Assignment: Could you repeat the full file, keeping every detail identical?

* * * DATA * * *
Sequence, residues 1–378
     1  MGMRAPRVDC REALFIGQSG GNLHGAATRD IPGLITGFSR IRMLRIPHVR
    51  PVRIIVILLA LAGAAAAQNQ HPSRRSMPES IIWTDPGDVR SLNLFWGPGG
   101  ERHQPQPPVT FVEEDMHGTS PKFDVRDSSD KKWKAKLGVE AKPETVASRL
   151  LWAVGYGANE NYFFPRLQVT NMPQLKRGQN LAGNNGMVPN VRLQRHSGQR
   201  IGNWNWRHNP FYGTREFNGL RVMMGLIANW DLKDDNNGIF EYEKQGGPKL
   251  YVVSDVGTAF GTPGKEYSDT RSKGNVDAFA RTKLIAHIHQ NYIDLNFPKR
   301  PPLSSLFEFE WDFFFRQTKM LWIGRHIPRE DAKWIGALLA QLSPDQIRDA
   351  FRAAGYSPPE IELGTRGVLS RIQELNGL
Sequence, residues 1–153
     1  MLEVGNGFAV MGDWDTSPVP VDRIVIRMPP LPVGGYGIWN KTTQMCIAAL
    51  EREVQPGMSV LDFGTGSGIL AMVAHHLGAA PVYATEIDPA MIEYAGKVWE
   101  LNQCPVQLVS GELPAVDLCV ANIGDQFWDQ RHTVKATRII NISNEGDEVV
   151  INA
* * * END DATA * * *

Sequence, residues 1–378
     1  MGMRAPRVDC REALFIGQSG GNLHGAATRD IPGLITGFSR IRMLRIPHVR
    51  PVRIIVILLA LAGAAAAQNQ HPSRRSMPES IIWTDPGDVR SLNLFWGPGG
   101  ERHQPQPPVT FVEEDMHGTS PKFDVRDSSD KKWKAKLGVE AKPETVASRL
   151  LWAVGYGANE NYFFPRLQVT NMPQLKRGQN LAGNNGMVPN VRLQRHSGQR
   201  IGNWNWRHNP FYGTREFNGL RVMMGLIANW DLKDDNNGIF EYEKQGGPKL
   251  YVVSDVGTAF GTPGKEYSDT RSKGNVDAFA RTKLIAHIHQ NYIDLNFPKR
   301  PPLSSLFEFE WDFFFRQTKM LWIGRHIPRE DAKWIGALLA QLSPDQIRDA
   351  FRAAGYSPPE IELGTRGVLS RIQELNGL
Sequence, residues 1–153
     1  MLEVGNGFAV MGDWDTSPVP VDRIVIRMPP LPVGGYGIWN KTTQMCIAAL
    51  EREVQPGMSV LDFGTGSGIL AMVAHHLGAA PVYATEIDPA MIEYAGKVWE
   101  LNQCPVQLVS GELPAVDLCV ANIGDQFWDQ RHTVKATRII NISNEGDEVV
   151  INA